A Beginner’s Guild to Being Politically Active as a Teen

Eleanore Hoffmeyer, Staff Writer

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In this day and age, it seems as though there’s no shortage of issues that need to be fixed or addressed. However, as a teen, it can feel overwhelming and hard to find ways to have an impact in our chaotic world. In an attempt to simplify the process of being an involved and informed citizen,  we’ve created a simple guide of some of the best ways to be politically active and impactful in our world. 

1. Become aware of the world around you! 

The first step to becoming politically active is to be aware of current events and issues in your world! You won’t be able to make a political impact if you don’t know what you’re fighting for, so make a point to learn about what’s happening. Try and get your news from multiple sources, as some sources are biased and present a skewed version of the facts. Or, if going to multiple sites is too much work, BCC, Associated Press, The Wall Street Journal, and NPR are frequently cited as unbiased news sources. After becoming informed of the facts, you can develop your own opinion. 

2. VOTE! (or register to vote)

Voting is single-handedly the easiest and most important way to make an impact as a citizen!

“But mY voTe DoESn’T maTtEr.” That’s completely false. Forty-two percent of Americans thought their vote didn’t matter in the 2016 election and look where that landed us. 

Even if you’re not 18, you can still register to vote as early as 16, meaning if you’re old enough to steal a senior’s parking spot (I’m looking at you, sophomores), you’re old enough to register to vote. 

Not only that,  it’s super easy! You can register any time after you turn 16, by any of the following methods: Online, email, fax, in person (i.e. at the DMV), or at a voter registration drive. 

If you’re registering online (which you can do here), you just need a Colorado state-issued driver’s license or ID card. 

If you’re registering through email, mail, or fax, you’ll need to submit the Colorado Voter’s Registration form (Form 100) to your county clerk’s office through email, mail, or fax. 

And if you’d rather do so in person, you can register at the DMV, military recruitment office, public assistant’s office, or a voter registration drive. All you need is your driver’s license or state-issued ID card. 

You can register at a voter’s registration drive 22 days before any election, online or by mail 8 days before an election, and up to and including election day at voter service and polling centers. 

If you’re a senior who’s planning on going to college out-of-state next year but still want to vote in the 2020 election, you can still register to vote through any methods above and vote in Colorado. Or, you can register to vote and vote in the state where you attend college. Most colleges have voter registration drives leading up to the election. If not, be sure to check your state’s individual requirements for registration. Information can be found here.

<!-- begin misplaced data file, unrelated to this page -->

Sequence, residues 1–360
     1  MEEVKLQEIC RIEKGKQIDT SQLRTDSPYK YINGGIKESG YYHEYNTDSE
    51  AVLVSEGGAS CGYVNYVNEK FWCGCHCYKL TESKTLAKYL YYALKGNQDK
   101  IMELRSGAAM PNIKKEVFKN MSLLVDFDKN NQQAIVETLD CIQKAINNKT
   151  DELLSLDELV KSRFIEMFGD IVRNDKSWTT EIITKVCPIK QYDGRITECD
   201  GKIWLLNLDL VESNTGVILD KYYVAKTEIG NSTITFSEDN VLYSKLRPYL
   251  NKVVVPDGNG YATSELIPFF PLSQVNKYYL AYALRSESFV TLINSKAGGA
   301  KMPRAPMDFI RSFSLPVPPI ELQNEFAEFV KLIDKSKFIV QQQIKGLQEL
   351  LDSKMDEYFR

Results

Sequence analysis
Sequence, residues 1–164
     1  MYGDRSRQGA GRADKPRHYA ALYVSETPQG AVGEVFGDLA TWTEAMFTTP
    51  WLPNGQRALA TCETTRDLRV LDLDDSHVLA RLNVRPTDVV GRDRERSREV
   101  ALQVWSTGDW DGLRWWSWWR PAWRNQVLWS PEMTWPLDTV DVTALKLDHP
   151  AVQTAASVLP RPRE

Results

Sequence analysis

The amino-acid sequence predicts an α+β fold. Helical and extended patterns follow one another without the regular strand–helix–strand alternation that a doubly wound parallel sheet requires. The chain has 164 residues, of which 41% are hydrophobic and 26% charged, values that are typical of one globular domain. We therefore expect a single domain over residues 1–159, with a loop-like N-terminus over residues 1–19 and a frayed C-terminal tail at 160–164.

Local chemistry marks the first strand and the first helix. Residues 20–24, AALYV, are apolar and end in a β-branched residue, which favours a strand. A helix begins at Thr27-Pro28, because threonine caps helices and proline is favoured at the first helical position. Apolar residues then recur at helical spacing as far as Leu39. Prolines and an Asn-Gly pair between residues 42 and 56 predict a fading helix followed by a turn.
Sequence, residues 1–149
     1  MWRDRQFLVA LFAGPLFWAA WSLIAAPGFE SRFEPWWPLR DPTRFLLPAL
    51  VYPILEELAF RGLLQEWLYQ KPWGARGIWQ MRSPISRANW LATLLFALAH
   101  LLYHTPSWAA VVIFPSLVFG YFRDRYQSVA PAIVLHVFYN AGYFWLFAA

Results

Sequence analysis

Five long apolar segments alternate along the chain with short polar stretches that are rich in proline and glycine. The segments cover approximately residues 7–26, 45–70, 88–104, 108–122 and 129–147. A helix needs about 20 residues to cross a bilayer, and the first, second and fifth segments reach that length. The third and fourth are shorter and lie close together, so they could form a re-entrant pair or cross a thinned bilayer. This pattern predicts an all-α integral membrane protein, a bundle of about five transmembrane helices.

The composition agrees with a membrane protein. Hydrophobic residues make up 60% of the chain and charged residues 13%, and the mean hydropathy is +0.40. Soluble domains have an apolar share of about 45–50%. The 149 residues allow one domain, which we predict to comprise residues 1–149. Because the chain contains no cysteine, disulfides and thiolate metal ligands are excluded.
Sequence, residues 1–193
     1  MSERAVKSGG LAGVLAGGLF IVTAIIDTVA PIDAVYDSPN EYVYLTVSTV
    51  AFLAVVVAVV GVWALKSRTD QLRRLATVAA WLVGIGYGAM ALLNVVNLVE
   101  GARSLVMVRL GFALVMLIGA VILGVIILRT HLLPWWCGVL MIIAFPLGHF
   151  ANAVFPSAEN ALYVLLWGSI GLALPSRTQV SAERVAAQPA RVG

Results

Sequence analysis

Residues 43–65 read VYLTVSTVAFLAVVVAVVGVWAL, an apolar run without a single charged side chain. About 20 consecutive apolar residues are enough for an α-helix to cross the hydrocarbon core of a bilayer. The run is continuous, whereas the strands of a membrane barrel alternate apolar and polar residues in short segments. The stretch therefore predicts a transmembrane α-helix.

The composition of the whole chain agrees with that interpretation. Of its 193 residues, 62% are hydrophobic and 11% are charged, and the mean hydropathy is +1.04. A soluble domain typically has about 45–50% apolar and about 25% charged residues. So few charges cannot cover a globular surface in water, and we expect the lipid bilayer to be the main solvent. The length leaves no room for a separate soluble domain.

3. Raise awareness about issues you’re passionate about! 

As much as some may judge “awareness” posts on social media, they’re effective. It’s hard to  deny that the Amazon is burning after clicking through the 16th Instagram story about it. Social media is a great way to call attention to something you care about. If you’re not social media savvy, simply discussing an issue with other people is a great way to start to have an impact.

4. Sign petitions! 

There’s a ton of current and relevant petitions online on change.org. You can even start one yourself! Petitions are a great way to show representatives and Congress how important an issue is and can potentially spur future action.

5. Protest an issue you care about! 

There’s nothing better than a good old-fashioned protest. So grab some cardboard and Crayola markers! 

Here’s some local protests that are coming up: 

Colorado Climate Strike (Denver)

Where: Begins at Union Station, Denver; ends at the capitol

When: September 20th, 2019

Boulder Colorado Starbucks Climate Strike:

Where: Outside patio corner of Pearl and 28th 

When: September 20th, 2019, 12 p.m 

More information about the climate change movement can be found here

Women’s March (Denver)

Where: TBD

When: January 19th, 2020

As you can see, there’s not a whole lot of local protests that are up and coming. If you’re really passionate about an issue, you can organize your own, or attend one of the many protests in Washington, DC. More information about Washington, DC protests can be found here.